We’ve all been there, built a kick-ass budget but you’re unable to stick to it. Today we’ll be having a look at how to stick to your budget, with a battle-tested technique I use to put my budget in action and manage my money.
So you know why having a budget is important and you’ve absolutely nailed your budget creation. You’ve analysed the f*%@ out of your expenses and know exactly what you should be spending each month.
If you do spend to your budget, then you know you’ll be onto a winner. Paying down that debt? Easy peasy. Building up a house deposit? Creating a war-time emergency fund? No dramas mate.
Although d’oh, you’ve just never been able to stick to the budget.
Why the hell is that?
Trust me, I’ve been round the block on this one.
Those “really helpful” tips and tricks articles don’t help either so don’t worry, I’m not about to unload some generic tips about how you just need to up your willpower game and invigorate your weak soul.
This strategy worked for me (and continues to work). Of course like any other human I slip up every now and then and fail to stick to my budget, but because I’ve engineered a fairly healthy personal profit (/savings rate) of >40%, I have a healthy buffer to fall back onto if I do overspend in one month.
Why is it so difficult to stick to a budget?
Even though I recommend everyone should have a budget of some description, it is likely that you’ve found yourself in a position of creating a budget because the lifestyle you default to doesn’t lend itself to a healthy financial situation.
Left unchecked, you may be spending at or above your income level, leaving no personal profit left over to save and invest, or worse, consumer debt is starting to build up.
So against the backdrop of this, why on earth can’t I stick to my damn budget?
Make it easier.
If it requires too much effort at the critical spending decisions, chances are you won’t stick with it.
The major key…
I’m sure DJ Khaled agrees with me when I say that the major key to sticking to a budget is to make it easy. You don’t want to have to be thinking about and analysing every spending decision to see how it fits into your budget.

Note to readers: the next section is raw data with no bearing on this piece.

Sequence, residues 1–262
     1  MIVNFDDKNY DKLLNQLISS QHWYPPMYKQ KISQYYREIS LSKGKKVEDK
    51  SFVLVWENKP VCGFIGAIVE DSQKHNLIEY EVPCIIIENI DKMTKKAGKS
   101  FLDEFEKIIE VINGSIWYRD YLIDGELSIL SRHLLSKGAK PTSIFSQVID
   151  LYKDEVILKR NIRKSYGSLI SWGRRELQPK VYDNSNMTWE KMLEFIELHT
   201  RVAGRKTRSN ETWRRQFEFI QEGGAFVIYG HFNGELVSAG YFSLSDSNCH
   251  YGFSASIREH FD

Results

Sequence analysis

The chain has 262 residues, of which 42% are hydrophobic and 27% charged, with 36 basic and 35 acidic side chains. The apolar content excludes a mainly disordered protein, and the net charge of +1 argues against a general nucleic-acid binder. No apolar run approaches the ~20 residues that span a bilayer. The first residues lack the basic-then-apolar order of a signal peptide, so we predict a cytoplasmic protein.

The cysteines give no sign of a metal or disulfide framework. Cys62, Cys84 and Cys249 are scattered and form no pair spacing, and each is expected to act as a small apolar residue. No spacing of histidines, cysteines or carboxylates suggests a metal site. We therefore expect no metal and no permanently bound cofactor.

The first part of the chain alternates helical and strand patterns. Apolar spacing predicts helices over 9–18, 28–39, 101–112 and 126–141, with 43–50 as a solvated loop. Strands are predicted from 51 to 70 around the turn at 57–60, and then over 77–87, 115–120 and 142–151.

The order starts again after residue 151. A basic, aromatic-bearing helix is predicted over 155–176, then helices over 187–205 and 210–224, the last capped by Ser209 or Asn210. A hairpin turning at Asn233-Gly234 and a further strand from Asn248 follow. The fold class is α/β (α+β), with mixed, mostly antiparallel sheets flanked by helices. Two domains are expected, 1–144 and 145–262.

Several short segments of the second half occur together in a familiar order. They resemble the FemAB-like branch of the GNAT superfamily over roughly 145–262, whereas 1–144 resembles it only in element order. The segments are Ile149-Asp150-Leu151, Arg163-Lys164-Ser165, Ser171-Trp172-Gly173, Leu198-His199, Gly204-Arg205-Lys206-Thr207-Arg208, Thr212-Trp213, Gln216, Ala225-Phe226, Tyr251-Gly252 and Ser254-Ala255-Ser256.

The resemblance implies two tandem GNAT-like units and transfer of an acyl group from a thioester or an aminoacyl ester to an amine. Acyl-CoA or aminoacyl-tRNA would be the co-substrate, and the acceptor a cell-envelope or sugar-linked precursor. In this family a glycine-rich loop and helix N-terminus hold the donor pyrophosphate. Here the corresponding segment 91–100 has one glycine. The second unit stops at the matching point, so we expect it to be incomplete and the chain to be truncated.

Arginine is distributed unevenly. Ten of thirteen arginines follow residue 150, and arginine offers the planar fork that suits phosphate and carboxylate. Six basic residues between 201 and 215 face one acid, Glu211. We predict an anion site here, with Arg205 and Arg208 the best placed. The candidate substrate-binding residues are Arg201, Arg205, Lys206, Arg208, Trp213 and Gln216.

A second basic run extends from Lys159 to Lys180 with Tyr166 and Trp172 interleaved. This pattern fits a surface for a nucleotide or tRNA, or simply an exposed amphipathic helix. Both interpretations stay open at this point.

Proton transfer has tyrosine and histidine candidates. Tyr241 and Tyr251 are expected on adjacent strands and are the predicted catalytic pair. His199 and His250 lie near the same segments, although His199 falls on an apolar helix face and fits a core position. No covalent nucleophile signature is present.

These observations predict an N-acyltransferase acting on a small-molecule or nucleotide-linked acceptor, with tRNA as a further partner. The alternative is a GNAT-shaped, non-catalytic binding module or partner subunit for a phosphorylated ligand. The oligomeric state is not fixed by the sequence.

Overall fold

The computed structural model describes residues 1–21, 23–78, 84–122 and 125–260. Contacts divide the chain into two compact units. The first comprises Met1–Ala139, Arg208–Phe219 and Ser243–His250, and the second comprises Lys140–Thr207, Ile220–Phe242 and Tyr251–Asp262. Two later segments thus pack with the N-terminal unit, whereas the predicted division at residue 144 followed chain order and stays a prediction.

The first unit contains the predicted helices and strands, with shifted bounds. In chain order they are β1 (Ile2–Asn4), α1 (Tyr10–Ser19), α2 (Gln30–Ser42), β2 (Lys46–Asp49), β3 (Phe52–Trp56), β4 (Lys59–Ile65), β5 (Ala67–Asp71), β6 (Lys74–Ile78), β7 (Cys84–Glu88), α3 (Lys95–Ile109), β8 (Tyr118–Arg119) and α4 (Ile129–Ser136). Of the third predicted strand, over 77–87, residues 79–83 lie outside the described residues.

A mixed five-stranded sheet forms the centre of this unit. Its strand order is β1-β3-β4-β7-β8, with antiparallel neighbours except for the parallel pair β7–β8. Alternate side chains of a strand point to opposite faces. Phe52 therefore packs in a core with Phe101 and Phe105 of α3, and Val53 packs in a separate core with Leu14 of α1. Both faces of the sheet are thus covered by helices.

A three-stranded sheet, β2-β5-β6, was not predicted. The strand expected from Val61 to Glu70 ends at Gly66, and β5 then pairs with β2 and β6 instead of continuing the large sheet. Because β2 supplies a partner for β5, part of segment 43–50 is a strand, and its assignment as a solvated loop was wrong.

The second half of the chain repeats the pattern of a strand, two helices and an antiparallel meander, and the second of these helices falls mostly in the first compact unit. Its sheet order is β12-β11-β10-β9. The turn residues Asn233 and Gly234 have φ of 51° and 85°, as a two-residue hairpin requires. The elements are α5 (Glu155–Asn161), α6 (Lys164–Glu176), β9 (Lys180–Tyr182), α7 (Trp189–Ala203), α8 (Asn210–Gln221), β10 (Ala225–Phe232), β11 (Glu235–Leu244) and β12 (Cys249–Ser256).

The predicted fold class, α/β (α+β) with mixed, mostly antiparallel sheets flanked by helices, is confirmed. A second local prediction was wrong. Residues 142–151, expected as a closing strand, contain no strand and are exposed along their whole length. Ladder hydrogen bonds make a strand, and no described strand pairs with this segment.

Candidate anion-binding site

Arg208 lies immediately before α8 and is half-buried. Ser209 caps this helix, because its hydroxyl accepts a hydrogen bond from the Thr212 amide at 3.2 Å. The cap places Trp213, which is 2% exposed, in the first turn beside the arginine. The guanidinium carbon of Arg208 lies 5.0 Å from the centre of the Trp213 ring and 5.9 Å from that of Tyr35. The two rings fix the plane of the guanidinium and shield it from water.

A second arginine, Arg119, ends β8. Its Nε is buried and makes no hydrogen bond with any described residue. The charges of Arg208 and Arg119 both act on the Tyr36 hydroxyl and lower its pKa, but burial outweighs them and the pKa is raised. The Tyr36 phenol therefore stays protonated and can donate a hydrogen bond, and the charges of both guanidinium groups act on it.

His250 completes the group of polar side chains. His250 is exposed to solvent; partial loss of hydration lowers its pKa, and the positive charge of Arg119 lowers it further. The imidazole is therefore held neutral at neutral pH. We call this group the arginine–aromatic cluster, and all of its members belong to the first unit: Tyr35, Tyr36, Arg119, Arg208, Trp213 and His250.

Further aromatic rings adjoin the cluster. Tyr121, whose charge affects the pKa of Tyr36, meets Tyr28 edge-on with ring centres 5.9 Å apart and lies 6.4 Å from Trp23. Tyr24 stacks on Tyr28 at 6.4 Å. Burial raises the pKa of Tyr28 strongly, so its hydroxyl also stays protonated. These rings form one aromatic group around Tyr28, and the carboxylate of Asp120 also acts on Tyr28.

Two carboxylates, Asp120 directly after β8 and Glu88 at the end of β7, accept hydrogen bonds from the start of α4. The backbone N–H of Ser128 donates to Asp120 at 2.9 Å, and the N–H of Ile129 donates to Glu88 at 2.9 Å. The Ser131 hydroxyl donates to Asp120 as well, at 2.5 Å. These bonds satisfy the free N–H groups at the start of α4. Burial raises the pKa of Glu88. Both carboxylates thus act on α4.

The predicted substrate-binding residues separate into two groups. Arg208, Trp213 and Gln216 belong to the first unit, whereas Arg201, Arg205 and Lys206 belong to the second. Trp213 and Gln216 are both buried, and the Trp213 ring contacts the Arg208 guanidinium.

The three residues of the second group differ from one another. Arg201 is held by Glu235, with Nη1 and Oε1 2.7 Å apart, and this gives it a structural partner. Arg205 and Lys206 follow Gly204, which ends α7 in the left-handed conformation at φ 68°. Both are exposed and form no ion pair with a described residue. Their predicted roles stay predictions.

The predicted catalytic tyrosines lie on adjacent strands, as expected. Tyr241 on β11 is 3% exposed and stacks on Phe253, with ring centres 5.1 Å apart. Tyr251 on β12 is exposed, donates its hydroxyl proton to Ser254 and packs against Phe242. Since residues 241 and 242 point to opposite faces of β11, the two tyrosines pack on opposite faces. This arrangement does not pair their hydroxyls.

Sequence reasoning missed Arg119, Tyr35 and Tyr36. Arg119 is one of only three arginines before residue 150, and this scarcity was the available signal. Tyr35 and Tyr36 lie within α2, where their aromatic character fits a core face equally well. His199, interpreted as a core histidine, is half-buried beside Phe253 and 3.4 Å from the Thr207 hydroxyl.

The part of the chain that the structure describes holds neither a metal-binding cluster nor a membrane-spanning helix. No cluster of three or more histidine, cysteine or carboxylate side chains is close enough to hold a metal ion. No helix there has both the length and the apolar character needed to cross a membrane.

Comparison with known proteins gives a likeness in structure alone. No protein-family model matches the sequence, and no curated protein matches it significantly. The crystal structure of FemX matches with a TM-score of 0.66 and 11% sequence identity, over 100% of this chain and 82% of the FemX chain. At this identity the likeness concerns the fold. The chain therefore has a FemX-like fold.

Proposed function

Split it into little virtual envelopes
The technique I use is similar to piggybanking or the envelope method, where you divide your money into separate pots intended for separate uses.
The way I set mine up means that I get instant feedback on whether I have money for “fun”, whilst ensuring that all of my essentials are paid for.
As part of your budget, you would have identified different categories of spend such as;
Those are the categories that I use for mine.
After each payday (I get paid once a month so this is a one-time activity for me), I simply send the money into separate accounts so that I can forget about them, with my personal profit being sent out to my savings/investment accounts.
- Housing / Bills -> goes into a separate housing/bills current account where I have direct debits and standing orders set up
- Holiday -> goes into a savings account specifically for holiday cashooola $$$$
- Travel / Groceries / Entertainment -> I have a separate current account where I transfer this into. This is the secret sauce.
I find that I have no problem sticking to my housing/bills budget, these are fairly rigid bills that don’t vary a tonne. The problem I have, and I’m willing to bet you’re similar, is with my discretionary spending.
Its hard to deploy the wonderful willpower when you’re wanting to go out and socialise (especially if it involves a jar or two).
However, I find that this technique works really well as all I need to do is check my fun money account (the account with the travel/groceries/entertainment money in). If there is cash in there then brilliant, I’m all in.
If not, I know I have to rein it in and have a quiet one.
This is very similar to the envelope technique, where you put cash literally into separate envelopes, all earmarked for different purposes.
However, because we don’t live in the 15th century, we’re not putting cash into envelopes (although I did try this for a bit and it was remarkably effective – I think because of the visual feedback of seeing your cash physically depleting – so if this digital version doesn’t work for you, give the physical cash version a whirl).